Pharmaceutical Pain Points

This week I attended DIA Global‘s forum on Regulatory Submission, Information and Document Management. The key take away I had was that the ongoing pharmaceutical pain points have not been addressed by any technological solution. There are solutions that target and address a subset of these pain points but the pharma industry hasn’t had an end-to-end solution until now.

In session after session, and in every conversation I had, I heard the same thing. It is so clear to me now; when software is procured by an organization it is typically targeted for a specific team or group within the company, rather than an enterprise rollout of the solution. This has resulted in the deployment of multiple disconnected systems, applications, and databases that often don’t communicate with each other. Rather than enabling the company to be more efficient and productive, the multiple tools are actually disabling and bogging them down – and this appears to be the case across the industry. It’s this disconnectedness of various tools that lead to poor handoffs between teams, groups & departments, lack of accountability, and confusion of what the workload looks like as well as who has the availability to take on new work.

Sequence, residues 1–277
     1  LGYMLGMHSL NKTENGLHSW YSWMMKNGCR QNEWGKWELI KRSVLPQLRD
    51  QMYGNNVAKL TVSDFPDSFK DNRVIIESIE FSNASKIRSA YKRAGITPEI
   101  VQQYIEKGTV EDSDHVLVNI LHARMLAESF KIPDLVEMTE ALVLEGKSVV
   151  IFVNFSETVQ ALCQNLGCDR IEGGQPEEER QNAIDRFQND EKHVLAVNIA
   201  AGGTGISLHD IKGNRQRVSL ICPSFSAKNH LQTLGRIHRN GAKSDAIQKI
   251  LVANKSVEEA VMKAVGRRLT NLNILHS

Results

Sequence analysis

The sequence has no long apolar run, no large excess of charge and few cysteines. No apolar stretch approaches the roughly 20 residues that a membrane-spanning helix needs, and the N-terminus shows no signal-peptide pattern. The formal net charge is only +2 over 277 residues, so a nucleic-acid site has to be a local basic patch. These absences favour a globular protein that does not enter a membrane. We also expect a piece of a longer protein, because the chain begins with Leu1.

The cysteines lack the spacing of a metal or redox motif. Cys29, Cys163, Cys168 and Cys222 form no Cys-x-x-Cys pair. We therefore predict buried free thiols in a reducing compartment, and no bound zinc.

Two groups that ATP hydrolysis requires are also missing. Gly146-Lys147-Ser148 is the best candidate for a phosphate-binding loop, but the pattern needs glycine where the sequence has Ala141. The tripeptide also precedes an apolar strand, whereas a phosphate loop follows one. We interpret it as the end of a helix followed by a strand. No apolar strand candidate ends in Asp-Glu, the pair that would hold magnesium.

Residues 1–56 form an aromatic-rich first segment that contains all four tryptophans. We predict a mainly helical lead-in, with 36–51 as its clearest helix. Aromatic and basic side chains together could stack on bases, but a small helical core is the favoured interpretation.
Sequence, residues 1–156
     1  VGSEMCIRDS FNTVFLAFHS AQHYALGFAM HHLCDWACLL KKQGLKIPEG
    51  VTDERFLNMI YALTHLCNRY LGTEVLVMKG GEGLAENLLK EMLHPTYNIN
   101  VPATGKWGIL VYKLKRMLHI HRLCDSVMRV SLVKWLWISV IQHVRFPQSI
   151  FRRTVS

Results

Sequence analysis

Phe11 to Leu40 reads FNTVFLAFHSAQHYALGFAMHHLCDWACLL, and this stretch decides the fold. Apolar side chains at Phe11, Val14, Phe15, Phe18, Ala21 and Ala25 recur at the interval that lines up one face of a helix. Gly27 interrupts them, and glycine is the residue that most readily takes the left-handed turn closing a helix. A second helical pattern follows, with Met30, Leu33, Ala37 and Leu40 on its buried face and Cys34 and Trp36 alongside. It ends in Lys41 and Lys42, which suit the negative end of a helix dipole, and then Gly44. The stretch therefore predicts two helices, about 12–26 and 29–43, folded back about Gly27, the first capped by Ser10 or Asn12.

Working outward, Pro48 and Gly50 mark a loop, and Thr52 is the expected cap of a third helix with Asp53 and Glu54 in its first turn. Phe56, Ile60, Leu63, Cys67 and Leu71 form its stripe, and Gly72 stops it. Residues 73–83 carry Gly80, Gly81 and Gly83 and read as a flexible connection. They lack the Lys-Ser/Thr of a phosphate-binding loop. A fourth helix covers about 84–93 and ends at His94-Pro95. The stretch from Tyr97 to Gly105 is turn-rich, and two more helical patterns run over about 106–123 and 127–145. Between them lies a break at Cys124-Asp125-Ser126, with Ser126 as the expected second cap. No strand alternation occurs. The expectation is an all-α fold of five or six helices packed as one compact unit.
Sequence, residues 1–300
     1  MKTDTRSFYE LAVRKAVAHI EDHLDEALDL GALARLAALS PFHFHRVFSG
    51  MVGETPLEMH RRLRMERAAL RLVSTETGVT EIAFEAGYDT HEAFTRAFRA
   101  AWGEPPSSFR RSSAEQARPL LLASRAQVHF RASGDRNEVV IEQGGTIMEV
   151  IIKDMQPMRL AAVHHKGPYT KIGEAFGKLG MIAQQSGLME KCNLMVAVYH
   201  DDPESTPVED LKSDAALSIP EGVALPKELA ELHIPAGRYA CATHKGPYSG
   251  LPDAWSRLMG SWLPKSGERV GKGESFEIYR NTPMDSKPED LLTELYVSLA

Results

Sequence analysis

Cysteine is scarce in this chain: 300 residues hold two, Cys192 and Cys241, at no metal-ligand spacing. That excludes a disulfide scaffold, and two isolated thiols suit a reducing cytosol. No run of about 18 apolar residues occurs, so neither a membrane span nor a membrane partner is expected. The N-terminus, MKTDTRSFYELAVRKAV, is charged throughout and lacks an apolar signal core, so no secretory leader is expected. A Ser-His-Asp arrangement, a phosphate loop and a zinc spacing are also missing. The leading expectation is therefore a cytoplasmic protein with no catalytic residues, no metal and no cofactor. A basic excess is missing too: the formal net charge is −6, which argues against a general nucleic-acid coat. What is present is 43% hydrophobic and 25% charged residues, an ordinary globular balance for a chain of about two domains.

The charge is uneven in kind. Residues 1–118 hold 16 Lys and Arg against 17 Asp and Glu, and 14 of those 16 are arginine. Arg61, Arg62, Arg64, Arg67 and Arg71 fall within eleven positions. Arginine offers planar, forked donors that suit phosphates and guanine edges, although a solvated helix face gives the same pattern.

Reduced visibility with multiple point solutions leads to confusion and redundant work, which is costly.

The Drug Lifecycle Tracking Application (DLTA) consolidates the many processes and tasks that Pharmaceuticals or Contract Research Organizations need to get done into a single system of engagement and serves as one system of collective truth. Pharmaceuticals and Contract Research Organizations will have all of their tasks and their timelines in one place. The Drug Lifecycle Tracking Application simplifies the life of a customer because it simplifies the management of work.

The adoption of a new system might not be easy; however, nothing worthwhile ever is. Organizations are concerned about the risks and disruption that change may create. Weigh the risk of disruption to the risk of incomplete, silos of information and bloated timelines – oh yeah, been there already.

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